Much was expected of the 102-ft (3-m) schooner America. Her builder, William Brown, commissioned George Steers to design her for a New York Yacht Club (NYYC) syndicate headed by its founding commodore, John Cox Stevens, who planned to take the vessel to England in 1851 to race the best British yachts.
With fine bows, low freeboard, raked masts, and beamy hull form, America looked fast. The concave bow sections, and maximum beam located halfway along the hull's length were innovative and designed according to the theories of the Scots engineer John Scott Russell However, British designers continued with their bluff-bowed vessels, while the
The NYYC boat won the One Hundred Guineas Cup at Cowes in 1851. America was scrapped in 1945; a modern reconstruction is pictured.
hull forms pioneered in America found more favor in the USA. Steers placed America's widest section well aft of Russell's theoretical optimum.
America won the famous race around the Isle of Wight but did not lead to any profound change in yacht design in European waters. one factor was how tonnage was calculated in order to create time allowances for handicapping, so that yachts of different design could race each other. But she was influential: the British cutter Alarm, which might have beaten America had the race been handicapped, was lengthened and re-rigged as a schooner.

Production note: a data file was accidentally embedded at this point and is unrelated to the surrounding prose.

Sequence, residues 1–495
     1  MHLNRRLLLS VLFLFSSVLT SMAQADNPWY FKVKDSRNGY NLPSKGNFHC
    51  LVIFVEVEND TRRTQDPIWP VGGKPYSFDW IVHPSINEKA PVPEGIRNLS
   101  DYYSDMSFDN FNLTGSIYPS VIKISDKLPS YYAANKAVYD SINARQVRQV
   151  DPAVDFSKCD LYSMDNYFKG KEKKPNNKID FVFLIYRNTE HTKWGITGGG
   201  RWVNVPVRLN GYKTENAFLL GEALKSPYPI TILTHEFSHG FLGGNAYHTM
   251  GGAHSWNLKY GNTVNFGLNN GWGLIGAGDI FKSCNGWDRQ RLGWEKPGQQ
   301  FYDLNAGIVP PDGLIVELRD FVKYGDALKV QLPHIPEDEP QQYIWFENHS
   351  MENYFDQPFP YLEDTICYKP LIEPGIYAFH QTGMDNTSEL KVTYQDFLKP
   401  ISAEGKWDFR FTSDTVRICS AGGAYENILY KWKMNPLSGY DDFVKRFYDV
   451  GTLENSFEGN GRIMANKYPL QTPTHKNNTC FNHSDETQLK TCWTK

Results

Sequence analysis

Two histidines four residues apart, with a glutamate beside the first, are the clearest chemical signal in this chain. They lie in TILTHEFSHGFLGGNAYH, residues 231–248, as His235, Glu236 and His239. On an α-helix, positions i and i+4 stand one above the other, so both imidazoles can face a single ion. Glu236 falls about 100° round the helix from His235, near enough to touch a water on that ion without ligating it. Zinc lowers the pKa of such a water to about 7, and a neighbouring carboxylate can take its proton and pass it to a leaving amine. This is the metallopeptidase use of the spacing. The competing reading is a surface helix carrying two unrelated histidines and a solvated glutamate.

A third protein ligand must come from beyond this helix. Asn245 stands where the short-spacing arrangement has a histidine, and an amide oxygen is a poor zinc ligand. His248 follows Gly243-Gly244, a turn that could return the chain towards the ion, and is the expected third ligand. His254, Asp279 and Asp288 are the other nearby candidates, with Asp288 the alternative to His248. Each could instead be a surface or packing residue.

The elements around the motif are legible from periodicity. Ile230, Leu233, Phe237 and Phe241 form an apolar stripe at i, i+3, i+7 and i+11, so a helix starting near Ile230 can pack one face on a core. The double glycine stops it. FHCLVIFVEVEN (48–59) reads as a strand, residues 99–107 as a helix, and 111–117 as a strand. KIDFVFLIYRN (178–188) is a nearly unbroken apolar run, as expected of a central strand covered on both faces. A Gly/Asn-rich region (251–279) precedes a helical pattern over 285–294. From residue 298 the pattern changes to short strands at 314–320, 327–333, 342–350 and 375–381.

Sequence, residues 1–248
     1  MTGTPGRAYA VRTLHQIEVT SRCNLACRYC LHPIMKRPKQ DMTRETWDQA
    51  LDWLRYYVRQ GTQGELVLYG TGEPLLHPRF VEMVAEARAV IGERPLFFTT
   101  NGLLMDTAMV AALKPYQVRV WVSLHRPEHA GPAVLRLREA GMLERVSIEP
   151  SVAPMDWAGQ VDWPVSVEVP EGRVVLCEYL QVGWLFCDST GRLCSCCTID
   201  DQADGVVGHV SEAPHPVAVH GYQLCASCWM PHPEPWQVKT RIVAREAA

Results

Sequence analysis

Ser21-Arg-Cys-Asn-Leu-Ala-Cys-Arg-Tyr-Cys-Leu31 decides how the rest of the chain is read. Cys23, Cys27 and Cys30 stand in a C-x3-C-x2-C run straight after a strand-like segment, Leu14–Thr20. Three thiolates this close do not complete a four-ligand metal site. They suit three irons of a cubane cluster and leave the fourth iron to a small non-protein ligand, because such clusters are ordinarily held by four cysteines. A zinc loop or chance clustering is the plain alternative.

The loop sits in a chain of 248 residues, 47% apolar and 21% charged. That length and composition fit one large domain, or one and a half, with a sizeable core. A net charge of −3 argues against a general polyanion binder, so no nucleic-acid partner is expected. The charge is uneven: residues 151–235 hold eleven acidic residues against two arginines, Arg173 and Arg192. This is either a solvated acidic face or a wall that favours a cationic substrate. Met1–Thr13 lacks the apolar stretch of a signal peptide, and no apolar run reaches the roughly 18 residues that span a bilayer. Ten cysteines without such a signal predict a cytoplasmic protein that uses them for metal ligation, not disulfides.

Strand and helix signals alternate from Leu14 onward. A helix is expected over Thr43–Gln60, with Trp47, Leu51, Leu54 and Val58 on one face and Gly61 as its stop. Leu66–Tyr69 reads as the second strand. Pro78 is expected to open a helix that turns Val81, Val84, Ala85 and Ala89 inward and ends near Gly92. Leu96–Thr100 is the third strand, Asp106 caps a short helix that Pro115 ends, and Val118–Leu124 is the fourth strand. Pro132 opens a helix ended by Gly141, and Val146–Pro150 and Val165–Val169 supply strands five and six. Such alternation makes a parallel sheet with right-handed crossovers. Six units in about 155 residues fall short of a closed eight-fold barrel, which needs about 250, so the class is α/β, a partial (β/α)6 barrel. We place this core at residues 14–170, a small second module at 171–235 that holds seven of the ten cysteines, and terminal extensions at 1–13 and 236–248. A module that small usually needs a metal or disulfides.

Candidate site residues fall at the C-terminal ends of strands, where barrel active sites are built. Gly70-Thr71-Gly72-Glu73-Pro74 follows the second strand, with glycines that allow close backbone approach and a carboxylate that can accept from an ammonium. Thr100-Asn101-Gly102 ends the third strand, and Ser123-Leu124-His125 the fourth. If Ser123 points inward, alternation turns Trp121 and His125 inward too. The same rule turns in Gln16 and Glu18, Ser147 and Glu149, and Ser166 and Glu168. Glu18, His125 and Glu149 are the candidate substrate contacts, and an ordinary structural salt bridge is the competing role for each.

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Lets start by identifying what exactly certain boats are. Sometimes the terminology can get lost on beginners, so well look at some of the most common boats and what theyre called. These boats are exactly what the name implies. They are meant to be used for fishing. Most fishing boats are powered by outboard motors, and many also have a trolling motor mounted on the bow. Bass boats can be made of aluminium or fibreglass.